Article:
It’s been awhile since we were the busy room in the unit. Unfortunately, that changed today. Rudy made it through the first of his three hour sprints in the early morning before I even got to his room. From 11 on, he started to get more and more fussy (with a high heart rate and breathing) and the usual steps to calm him down (holding him, changing positions, suction, rescue doses of sedatives) didn’t change things much over a four-hour span. While the team worked to eliminate possible causes, things became clear when his temperature spiked and his blood gases indicated he was headed toward acidosis. The infection we’ve been monitoring in the picc line was now presenting itself as something that needed to be reckoned with. Remarkable how quickly things can change—the same tests gave no indication of anything being amiss just hours earlier.
Just after 3pm I signed consent forms and left the room so the team could insert a new picc line. One of the reasons why the team didn’t just pull the line out of his arm right away was the simple fact that they are running out of sites to start lines on Rudy’s little body. This turned out to be all too true as they started trying to insert into Rudy’s groin. When that didn’t work, they tried to put a subclavian line in his chest. Two hours into my exile from the room, I was called asking to give consent for them to go through the neck into the jugular vein if chest insertion wasn’t possible.
So I set out on what turned out to be five hours of trying to keep myself busy. There’s a surreal feeling to the times where we have to leave Rudy for a procedure. If it doesn’t last longer than they say it’s going to it always feels that way. All I really wanted to do was curl up on a couch somewhere with a quart of Ben and Jerry’s, but I decided to take a walk around campus (OK, I did get an ice cream cone to safely offset any calories I might have burned). Turned out to be quite a long walk, but most of my exertion was directed toward not checking my phone every 30 seconds. About the time I thought it would be smart to get an early dinner while I couldn’t be in the room anyway, I got that call about consent to go for Rudy’s jugular. On hanging up, I found myself in another one of those surreal moments of uncomfortable weirdness—“Yes, go ahead and stick my son in the neck. Now, do I want Thai or a burrito?” Pretty good food, but not much enjoyment.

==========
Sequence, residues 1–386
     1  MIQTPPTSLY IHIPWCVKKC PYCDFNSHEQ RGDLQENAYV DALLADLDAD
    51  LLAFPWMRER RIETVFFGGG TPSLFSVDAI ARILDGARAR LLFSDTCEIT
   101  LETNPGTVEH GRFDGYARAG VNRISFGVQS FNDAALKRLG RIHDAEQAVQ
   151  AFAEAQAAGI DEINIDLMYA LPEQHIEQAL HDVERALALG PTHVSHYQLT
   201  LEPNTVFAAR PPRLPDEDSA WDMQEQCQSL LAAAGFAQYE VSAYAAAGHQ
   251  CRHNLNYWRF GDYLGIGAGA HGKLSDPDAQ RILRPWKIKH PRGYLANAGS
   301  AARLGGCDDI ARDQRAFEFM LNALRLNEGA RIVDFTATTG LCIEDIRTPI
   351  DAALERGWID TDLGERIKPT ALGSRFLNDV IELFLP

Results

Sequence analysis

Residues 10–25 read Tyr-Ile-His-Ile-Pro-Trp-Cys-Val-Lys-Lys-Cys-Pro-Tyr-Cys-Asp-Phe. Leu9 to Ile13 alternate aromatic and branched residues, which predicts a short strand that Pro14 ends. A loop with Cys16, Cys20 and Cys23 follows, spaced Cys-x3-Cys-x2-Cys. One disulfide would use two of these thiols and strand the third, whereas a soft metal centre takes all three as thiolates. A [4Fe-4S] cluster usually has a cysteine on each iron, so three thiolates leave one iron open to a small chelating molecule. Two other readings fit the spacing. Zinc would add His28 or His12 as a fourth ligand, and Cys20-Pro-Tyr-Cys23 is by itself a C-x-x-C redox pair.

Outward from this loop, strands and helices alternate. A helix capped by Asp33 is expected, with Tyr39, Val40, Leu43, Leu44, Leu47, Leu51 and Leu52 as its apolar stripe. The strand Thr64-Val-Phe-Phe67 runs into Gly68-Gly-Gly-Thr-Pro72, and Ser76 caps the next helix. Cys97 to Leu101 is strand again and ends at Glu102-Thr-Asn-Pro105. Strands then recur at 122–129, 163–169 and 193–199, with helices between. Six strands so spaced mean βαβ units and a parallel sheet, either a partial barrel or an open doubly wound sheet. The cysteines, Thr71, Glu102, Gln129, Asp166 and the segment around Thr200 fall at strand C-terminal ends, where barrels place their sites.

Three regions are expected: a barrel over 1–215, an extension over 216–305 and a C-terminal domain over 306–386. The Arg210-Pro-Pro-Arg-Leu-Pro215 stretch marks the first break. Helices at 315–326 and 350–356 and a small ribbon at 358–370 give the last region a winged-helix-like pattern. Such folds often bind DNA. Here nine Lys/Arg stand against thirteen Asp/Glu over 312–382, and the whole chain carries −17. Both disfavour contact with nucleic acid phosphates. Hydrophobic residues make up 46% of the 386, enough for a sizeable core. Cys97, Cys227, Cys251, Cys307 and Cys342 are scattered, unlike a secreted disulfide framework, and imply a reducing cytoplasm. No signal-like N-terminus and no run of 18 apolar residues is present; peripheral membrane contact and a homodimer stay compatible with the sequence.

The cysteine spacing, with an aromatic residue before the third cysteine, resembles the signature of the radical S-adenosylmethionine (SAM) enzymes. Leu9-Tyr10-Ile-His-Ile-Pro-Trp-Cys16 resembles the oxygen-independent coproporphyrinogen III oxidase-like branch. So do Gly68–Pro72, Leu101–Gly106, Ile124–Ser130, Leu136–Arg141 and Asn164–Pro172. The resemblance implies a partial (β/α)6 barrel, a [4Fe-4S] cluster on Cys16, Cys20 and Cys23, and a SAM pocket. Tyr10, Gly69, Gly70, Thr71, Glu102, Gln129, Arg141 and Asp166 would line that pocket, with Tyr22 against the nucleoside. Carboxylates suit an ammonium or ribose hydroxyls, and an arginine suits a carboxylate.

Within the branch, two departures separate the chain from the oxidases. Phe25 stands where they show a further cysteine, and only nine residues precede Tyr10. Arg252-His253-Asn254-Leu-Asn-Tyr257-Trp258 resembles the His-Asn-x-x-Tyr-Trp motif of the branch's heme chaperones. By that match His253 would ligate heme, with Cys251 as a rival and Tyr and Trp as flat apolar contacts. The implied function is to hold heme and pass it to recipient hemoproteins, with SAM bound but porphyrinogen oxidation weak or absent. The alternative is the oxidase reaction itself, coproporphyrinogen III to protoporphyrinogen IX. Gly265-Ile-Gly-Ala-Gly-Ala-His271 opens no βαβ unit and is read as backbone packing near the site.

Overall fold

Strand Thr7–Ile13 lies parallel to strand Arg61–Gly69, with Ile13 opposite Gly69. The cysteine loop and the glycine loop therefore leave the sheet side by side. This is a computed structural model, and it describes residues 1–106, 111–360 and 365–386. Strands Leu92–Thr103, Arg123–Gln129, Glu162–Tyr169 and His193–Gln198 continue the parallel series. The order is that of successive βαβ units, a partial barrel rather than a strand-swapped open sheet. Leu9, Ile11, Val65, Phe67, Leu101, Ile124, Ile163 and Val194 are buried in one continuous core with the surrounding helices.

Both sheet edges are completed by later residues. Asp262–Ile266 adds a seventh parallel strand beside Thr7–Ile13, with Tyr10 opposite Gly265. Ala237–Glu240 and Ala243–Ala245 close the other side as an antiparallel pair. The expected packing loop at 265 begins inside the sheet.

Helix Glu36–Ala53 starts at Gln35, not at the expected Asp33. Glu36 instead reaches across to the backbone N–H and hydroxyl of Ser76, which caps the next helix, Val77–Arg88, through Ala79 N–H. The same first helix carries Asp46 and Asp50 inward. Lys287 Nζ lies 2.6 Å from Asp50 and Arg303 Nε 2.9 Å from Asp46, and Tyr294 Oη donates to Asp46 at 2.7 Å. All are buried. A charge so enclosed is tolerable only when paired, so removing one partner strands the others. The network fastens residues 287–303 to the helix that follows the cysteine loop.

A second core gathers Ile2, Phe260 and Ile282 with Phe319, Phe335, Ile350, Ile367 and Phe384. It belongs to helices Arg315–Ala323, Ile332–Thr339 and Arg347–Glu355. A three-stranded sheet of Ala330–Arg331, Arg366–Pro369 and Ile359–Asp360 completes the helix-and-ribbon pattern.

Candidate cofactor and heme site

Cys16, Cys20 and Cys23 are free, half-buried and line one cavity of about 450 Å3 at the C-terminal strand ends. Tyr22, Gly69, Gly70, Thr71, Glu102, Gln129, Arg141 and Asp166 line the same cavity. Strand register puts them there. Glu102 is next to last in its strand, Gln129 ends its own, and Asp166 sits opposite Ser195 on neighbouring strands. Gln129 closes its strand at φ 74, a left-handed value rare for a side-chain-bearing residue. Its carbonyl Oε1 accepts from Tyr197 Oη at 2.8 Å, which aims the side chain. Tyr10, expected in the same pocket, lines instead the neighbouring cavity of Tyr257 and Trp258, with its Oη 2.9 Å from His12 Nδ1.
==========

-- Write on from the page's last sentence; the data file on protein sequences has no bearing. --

I walked back to the hospital a bit frustrated by how familiar this whole place and routine are. I know the stains on the sidewalk. I know it’s around shift change so I headed to the West elevator because the East gets crowded. I recognize too many of the faces coming in and out of the building. I saw a couple of nurses from labor and delivery and walked the other way as I just didn’t feel up to elaborating on why we’re still in the hospital 16 weeks after our encounter with them. I set up in one of the weird little lounges on the floor waiting for the call from the unit and pondered what decorator decided that pictures of polar bears would go well alongside the Great Wall of China mural (once again, at a moment when I’m not able to focus much on anything else—it’s polar bears again).
I got back to Rudy around 8:30pm and he was resting comfortably with the line in his neck and the suspect one gone from his arm. Dr. Robert still feels very good about where he is, but put a hold on extubating tomorrow. That really bums us out. We were so close—and still are, but wisdom would dictate that Rudy have at least a day of rest since this afternoon unfolded into more of an ordeal.
At long last it’s quiet here in Rudy’s room and I’ll just sit here with him for awhile as Nurse Betty keeps an eye on everything with her trademark quiet efficiency. Weary? You bet, but tomorrow’s another day and we’ll look to get back on track. Please pray with hope for Rudy—that he’d get good rest and be strong to move off the vent this week and that, now that the picc line has been changed, this bout with infection is safely behind us.